If a Hollywood studio has spent a lot of money on a movie, say $200m, then you will probably find out about it.
Talk of vast budgets is good for business.
From the audience's point of view, it might be worth the price of the ticket just to see what justified that expense.
But finding out exactly how the money is spent is more difficult.
On rare occasions production budgets have leaked out, but up-to-date information is hard to come by.
And that's hardly surprising, as there is a lot at stake. Exposing a movie's financial details could upset a lot of powerful people.
A film's director, actors and producers will be some of the most significant costs in the budget, and they will not be happy to have their pay open to public scrutiny.
But it is possible to get an idea of where the money goes.
So, if you have always wanted to direct a blockbuster movie, here's a rough-and-ready guide to how much it is going to cost you.
And, lower down, find out how you might get some of that money back.
So what qualifies these days at a big budget? According to Nikki Finke, founder and editor-in-chief at the respected Hollywood news website Deadline.com, $200m is the starting price. "$200m is when they (studio executives) really start thinking hard about it."
Approving (or green-lighting) a project of that size might be beyond the remit of even a studio chairman. It might have to go to top executives at the parent company.
You are going to need a story for your movie. More often than not that will come from a book, a play, or in some cases a video game. The rights to a best-selling book can cost anything between $500,000 and $2m.
So you have permission to use the story, now it needs to be converted into a script. Top scriptwriters will command hefty fees and you could spend as much as $2m. That's the elite end of the market; most Hollywood writers toil away for much, much less.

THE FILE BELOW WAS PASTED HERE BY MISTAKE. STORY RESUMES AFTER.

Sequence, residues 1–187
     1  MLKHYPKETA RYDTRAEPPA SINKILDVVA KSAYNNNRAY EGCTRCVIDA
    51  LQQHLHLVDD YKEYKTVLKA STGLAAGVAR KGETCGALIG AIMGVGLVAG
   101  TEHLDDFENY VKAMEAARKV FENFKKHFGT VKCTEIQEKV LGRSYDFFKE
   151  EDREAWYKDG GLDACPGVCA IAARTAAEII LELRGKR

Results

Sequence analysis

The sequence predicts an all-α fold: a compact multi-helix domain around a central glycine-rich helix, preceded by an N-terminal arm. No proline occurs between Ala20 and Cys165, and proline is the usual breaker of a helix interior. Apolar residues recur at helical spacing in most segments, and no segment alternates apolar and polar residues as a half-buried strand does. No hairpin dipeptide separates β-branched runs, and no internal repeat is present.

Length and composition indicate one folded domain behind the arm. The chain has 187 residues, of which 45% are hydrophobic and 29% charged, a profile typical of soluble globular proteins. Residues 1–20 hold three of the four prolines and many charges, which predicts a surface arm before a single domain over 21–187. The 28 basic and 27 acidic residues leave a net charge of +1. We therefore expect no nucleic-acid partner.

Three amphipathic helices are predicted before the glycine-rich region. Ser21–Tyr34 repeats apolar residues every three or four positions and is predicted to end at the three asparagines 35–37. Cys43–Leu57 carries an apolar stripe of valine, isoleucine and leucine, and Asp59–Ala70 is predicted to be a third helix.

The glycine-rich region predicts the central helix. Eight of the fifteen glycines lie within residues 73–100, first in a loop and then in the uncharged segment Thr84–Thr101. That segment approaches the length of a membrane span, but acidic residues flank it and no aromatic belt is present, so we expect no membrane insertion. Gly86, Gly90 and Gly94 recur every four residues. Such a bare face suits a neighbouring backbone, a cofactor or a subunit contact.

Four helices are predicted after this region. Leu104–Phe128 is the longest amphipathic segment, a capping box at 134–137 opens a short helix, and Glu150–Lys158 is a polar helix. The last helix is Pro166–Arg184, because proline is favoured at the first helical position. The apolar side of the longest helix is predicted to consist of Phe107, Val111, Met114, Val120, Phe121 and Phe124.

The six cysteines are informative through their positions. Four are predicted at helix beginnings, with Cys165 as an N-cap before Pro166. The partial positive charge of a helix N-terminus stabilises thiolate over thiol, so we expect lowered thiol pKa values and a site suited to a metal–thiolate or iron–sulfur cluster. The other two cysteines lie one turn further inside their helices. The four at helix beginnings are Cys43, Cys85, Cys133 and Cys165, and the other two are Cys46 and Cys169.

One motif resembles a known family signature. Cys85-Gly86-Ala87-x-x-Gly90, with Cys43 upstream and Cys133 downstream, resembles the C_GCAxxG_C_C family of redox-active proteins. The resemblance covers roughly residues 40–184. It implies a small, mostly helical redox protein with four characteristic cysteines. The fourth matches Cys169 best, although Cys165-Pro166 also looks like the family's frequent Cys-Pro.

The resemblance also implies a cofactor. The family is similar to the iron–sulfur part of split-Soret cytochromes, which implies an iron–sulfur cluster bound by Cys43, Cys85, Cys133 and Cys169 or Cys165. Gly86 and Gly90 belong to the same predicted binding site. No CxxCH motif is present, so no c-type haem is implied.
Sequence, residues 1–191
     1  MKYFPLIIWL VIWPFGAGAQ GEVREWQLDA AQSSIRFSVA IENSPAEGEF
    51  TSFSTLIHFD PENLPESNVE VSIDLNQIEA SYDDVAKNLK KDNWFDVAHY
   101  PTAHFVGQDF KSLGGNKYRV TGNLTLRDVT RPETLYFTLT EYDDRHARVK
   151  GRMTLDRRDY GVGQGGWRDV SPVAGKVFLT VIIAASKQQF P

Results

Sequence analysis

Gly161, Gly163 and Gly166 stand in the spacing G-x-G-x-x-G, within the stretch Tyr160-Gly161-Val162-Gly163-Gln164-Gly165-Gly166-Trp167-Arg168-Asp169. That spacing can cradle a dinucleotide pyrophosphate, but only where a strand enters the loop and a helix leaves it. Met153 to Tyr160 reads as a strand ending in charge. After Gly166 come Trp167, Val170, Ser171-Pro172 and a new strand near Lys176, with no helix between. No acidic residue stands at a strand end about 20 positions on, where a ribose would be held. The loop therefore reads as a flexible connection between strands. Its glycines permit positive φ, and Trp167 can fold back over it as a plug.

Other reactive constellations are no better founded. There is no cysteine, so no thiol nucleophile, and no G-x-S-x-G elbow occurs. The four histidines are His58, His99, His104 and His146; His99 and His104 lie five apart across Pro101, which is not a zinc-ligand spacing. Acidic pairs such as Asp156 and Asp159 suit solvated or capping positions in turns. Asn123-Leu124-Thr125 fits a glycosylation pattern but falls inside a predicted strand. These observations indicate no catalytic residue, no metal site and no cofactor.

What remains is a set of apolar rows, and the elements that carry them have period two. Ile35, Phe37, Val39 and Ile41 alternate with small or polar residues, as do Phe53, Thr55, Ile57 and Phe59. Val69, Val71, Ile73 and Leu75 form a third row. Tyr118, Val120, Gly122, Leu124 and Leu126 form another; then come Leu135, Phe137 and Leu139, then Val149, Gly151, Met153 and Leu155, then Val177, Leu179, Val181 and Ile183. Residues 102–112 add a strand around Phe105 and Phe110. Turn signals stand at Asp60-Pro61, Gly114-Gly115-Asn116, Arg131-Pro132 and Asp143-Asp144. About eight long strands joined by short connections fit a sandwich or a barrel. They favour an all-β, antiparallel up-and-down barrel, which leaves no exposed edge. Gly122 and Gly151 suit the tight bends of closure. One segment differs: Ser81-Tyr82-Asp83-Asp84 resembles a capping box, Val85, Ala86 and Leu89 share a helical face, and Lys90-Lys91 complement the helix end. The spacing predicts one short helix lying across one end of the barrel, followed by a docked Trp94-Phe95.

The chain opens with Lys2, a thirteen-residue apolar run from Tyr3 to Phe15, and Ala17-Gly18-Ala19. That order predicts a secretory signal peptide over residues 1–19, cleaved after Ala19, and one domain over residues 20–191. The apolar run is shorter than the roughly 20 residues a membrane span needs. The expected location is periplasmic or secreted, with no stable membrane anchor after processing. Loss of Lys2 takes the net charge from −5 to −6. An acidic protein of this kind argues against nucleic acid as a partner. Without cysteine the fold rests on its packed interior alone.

This varies wildly form director to director. Some like Steven Spielberg may take a producer role, which means extra payment.
The most successful directors will ask for as much as $10m for a movie, and may also want a cut of the film's profits.
The title "producer" can mean a lot of different things in Hollywood. Typically it is the person who will shepherd the movie from the script page to the premiere.
A producer can be thought of as the chief executive of the film. They are the financial controllers and will make hiring-and-firing decisions.
They will also bring investors into the project and negotiate deals with distributors.
At the high end of the industry they will receive millions of dollars. While rarely getting paid more than the lead actor, they can make up to $5m for a film.
A big name actor can expect an up-front payment, $10-$20m would not be unusual. The biggest names can demand a percentage of a movie's box office return.
While studios are generally reluctant to offer such deals it can be a way of managing financial risk.
If the film is more successful than expected, everyone is happy. But if it fails, at least the payments to actors will be limited.
For the Hollywood elite, vast sums can be made. It is reported that Johnny Depp has made hundreds of millions of dollars out of the Pirates of the Caribbean movies.
Again, this can vary wildly.
If you want to film in Manhattan, you will have to pay for filming permits, insurance, security - the list goes on. And if you want to film at night, elaborate lighting will be needed.